Several articulate and qualified candidates are running in Georgia’s May 20 primary to be the Republican senatorial nominee who hopes to succeed the retiring Saxby Chambliss. The focus of this column is not an endorsement. It is simply an acknowledgement that the GOP candidates are emphasizing that Americans deserve better leadership—and that one congressman in the pack has unveiled an especially compelling legislative/policy initiative.

Congressman Jack Kingston, who represents Georgia’s coastal district, has released an updated American Renewal Initiative designed to serve as a unifying vision not only for Republicans in all parts of the country but also what he believes is the large majority of Americans. Its six priorities provide a legislative path for Congress.

The six planks are:

  • Restoring National Security: Peace Through Strength.
  • Boosting Private Sector Job Creation.
  • Reducing Our National Debt.
  • Achieving Energy Independence.
  • Enabling Work Over Welfare.
  • Simplifying the Tax Code.

The first priority, ensuring that our armed forces are second to none, should not be a controversial issue. It is simply a plank backing legislation and ideas to provide adequate funding for military training, needed equipment and research for technological superiority– even as conservatives seek to aggressively cut overall federal spending. It is essentially a renewal of former President Ronald Reagan’s “peace through strength” policy that has been undermined by the Obama administration.

Instead of expanding the federal government’s doles, Kingston emphasizes job creation, by fostering an environment that promotes business stability and private sector job creation. His initiative calls for Congress to roll back costly and unnecessary federal business regulations. (The congressman, to foster this approach, is sponsoring legislation mandating a more rigorous regulatory, cost-benefit assessment before the implementation of any federal rules— as well as regular look-back reviews to ensure that older regulations are still needed and cost-effective.)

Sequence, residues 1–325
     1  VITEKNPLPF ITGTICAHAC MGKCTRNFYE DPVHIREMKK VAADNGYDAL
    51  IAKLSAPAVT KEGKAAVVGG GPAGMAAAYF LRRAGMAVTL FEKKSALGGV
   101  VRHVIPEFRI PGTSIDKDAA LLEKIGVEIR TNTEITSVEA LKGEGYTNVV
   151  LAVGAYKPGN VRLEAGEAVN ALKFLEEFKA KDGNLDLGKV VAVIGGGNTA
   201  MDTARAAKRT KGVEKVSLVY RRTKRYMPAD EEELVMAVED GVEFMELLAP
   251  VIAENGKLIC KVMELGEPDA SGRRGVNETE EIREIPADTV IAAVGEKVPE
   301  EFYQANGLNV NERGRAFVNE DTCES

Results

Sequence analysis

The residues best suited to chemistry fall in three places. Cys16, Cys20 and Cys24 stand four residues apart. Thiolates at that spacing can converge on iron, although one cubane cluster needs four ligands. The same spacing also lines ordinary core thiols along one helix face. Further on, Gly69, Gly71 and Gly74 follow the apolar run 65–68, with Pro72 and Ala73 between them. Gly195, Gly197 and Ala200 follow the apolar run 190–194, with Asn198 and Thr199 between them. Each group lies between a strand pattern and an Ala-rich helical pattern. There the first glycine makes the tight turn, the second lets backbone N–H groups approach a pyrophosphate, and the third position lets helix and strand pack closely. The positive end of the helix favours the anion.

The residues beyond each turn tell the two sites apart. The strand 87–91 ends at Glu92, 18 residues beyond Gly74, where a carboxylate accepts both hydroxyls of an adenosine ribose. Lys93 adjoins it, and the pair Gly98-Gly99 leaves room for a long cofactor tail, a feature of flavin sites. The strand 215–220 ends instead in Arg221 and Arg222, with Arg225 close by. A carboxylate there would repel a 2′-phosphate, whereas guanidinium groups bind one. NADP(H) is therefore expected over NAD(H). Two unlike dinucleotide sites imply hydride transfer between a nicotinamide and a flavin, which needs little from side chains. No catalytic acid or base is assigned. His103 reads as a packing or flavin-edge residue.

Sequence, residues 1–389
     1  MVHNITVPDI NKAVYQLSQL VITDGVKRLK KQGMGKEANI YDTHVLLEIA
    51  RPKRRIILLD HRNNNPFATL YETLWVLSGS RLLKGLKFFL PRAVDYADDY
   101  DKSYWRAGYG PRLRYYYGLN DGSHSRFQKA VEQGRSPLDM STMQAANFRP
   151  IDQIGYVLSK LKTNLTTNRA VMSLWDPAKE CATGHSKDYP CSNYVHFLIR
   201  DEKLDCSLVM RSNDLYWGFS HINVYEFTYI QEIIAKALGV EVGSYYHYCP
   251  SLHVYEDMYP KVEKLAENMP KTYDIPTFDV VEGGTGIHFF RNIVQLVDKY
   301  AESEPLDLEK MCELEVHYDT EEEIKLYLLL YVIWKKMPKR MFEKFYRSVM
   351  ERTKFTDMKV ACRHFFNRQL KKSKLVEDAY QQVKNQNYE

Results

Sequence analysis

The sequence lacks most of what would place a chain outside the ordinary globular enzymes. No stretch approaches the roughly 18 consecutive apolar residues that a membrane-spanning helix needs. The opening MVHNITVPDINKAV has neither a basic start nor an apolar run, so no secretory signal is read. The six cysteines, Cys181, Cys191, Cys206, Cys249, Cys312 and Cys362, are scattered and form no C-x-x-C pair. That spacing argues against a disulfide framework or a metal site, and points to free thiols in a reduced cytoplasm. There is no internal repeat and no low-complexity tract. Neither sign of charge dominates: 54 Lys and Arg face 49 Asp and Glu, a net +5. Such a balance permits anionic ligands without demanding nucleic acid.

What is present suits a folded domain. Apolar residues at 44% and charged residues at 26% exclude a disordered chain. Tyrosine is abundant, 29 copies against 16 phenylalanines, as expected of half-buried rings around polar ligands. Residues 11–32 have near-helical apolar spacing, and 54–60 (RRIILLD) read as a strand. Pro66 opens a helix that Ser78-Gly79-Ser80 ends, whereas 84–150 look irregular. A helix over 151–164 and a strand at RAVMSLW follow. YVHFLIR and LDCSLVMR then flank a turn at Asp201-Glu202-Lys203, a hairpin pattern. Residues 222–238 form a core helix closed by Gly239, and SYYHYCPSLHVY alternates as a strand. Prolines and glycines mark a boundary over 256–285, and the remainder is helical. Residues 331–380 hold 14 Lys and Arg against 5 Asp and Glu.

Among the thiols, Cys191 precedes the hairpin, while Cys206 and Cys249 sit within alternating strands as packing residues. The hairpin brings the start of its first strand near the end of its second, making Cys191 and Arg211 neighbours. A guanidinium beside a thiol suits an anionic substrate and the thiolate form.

The third plank addresses the nation’s unsustainable $17 trillion national debt. For every dollar the federal government spends, 42 cents is borrowed. Washington must not keep spending while Americans cut back their family budgets. That’s why Kingston proposes limiting spending through hard caps based on our country’s economic health to bring our budget quickly into balance. His legislation would also tie congressional pay to deficit reduction, requiring pay cuts if deficits aren’t reduced.

The next priority is energy independence. New technology and discoveries have opened up vast energy resources, and America must safely develop them. Furthermore, virtually every Republican backs construction of the Canada-to-Texas Keystone oil pipeline project, which would ultimately provide for approximately 20,000 jobs. Approving the 1,700-mile pipeline is supported by a growing number of Democrats and even major unions.  Those liberals like Democrat senatorial candidate Michelle Nunn who dare defend Obama’s five-year Keystone delay will be on the wrong side of many voters.

The fifth plank re-emphasizes the traditional American work ethic. “Too many government policies are teaching the next generation that you don’t have to work for a living,” Kingston says. “We must turn this around and can begin with returning the reins of education to the states to better foster a reliable, work-ready workforce.” That’s why the Savannah congressman seeks to reform unemployment compensation to ensure beneficiaries are prepared to re-enter the workforce.

The final priority is tax simplification. Taxpayers must navigate 72,500-pages of a complex tax code. Many Republicans support the fair tax; others seek a flatter income tax. In any event, Republicans should foster a national dialogue about simplification. It would put added pressure on Congress to implement a better system where participants pay their fair share.

A growing number of voters don’t trust the Obama administration— after all, the biggest political lie of 2013 was the president’s Obamacare pledge that if you like your insurance or doctor you could “keep them.” So by uniting behind the type of initiative that Kingston touts, Republicans of all stripes — maybe even some Tea Partyers! — can show voters they are addressing serious problems while seeking to restore trust.

Georgia’s Republican senatorial primary candidates at least have serious ideas about the nation’s future. But Kingston, in the view of this writer, is to be especially commended for his unifying American Renewal Initiative contribution.

 

 

 

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